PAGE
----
Meeting the Challenges of Digitalisation: Implications for Regional and Rural Development

Cite as: Vironen, H., & Kah, S. (2019) Meeting the Challenges of Digitalisation: Implications for Regional and Rural Development. European Policy Research Paper, No. 111, European Policies Research Centre, University of Strathclyde, Glasgow.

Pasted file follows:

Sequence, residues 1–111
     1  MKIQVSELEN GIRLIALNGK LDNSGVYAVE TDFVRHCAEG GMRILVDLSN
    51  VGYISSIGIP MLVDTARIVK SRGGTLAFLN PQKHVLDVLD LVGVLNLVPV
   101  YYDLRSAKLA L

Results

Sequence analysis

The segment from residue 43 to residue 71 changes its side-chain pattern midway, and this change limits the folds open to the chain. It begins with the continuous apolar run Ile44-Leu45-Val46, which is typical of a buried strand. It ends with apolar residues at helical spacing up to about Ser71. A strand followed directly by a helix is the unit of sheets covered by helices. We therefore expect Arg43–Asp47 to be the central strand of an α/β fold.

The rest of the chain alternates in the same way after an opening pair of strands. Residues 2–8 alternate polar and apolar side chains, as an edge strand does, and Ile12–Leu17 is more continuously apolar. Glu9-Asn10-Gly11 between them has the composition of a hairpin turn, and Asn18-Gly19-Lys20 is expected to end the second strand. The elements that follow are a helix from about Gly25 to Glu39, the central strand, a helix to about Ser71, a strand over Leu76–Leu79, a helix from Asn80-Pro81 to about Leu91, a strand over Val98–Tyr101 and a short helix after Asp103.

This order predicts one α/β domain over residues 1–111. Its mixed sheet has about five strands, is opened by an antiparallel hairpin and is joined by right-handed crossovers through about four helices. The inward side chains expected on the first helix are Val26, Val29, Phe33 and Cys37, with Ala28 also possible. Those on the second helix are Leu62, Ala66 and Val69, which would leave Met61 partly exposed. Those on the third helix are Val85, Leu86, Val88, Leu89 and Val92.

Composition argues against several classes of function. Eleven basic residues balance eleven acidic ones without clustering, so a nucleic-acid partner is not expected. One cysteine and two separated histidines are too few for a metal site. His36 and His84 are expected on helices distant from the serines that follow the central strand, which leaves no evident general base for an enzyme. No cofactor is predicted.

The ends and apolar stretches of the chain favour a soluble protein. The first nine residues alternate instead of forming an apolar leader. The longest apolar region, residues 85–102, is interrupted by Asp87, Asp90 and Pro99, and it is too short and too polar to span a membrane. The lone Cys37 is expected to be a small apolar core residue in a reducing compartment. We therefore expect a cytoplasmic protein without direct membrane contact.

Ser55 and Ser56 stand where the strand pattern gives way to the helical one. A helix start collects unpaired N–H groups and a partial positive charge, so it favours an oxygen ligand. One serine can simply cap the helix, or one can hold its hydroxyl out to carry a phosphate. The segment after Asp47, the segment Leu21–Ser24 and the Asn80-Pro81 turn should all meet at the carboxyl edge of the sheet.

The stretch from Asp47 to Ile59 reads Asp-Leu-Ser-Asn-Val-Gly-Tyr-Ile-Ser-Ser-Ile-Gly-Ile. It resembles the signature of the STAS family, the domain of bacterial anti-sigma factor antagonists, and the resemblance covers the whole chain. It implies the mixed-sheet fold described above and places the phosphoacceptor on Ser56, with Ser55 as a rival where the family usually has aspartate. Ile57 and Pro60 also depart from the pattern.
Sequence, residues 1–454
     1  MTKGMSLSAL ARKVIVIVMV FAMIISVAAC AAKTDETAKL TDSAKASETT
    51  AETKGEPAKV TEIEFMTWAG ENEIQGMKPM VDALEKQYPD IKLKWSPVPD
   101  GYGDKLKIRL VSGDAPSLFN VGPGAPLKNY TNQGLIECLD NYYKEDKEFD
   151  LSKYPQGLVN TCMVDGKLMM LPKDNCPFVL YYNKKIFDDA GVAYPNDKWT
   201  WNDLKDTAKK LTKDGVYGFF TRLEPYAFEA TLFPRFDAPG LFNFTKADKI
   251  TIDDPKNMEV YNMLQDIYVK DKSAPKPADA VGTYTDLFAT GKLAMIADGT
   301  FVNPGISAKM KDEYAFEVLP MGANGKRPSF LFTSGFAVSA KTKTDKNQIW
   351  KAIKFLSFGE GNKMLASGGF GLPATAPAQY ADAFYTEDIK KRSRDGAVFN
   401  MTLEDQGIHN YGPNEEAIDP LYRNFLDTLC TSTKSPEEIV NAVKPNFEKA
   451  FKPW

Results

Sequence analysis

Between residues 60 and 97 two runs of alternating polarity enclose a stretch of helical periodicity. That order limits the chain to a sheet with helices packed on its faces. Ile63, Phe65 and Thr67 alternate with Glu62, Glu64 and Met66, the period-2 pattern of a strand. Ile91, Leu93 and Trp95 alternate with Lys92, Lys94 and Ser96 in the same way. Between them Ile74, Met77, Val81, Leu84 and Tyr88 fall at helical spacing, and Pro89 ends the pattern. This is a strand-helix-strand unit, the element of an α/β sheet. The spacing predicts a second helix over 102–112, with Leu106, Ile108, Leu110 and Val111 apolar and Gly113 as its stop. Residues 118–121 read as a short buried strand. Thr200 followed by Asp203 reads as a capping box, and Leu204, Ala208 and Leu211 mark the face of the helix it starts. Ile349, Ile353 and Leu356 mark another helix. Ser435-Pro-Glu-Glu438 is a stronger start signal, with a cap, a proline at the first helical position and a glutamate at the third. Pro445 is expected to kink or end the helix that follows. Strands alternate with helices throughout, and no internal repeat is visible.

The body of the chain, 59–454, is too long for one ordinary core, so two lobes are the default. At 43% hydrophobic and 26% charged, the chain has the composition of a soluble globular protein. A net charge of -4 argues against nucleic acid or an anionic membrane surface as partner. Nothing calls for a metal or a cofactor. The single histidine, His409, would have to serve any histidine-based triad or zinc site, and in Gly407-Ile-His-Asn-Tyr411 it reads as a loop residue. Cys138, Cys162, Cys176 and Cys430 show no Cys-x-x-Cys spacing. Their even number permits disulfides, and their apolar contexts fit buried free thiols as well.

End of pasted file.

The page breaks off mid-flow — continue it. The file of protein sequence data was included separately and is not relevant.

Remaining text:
Digitalisation transforms societies and economies, affecting the way we live, work and relate to one another. This paper explores the regional development issues associated with digitalisation, and draws out how regions may be affected, with a particular focus on rural and remoter areas. Key issues are: There are large disparities between countries. Of a range of selected European countries, the Digital Economy and Society Index (DESI) rankings are high in Sweden, Finland and Netherlands, followed closely by Switzerland and Norway, while Poland and Italy lag behind the EU average. There continues to be an urban-rural divide in digitalisation. Digitalisation efforts have thus far prioritised urban areas. Many rural and remoter communities are actively seeking new opportunities, for instance in digital services to drive economic growth, but face difficulties due to inadequate infrastructure and skills. To create successful regions, for instance, the ENRD has called for action to be taken across the three pillars of digitalisation: digital infrastructure, digital services and digital literacy. Digitalisation is high on the policy agendas. The European Commission has been particularly active in launching different strategies and initiatives to support the digitalisation process and to create a fully functioning EU Digital Single Market. A central EU initiative specifically targeted at digitalisation in rural areas is the EU Action for Smart Villages. The theme features high as a target area for ESI funds, with the Thematic Objective 2 concerned with ICT. Digitalisation also features prominently in the proposals for the post-2020 programme period as the third of the five planned Priority Objectives (‘a more connected Europe’). Countries and rural and remoter areas have different policy responses in place to tackle their digitalisation bottlenecks. There are no single best practices, but efforts need to continue across the different elements of digitalisation (including connectivity, service and skills development) and solutions must be tailored, innovative and well-coordinated.1

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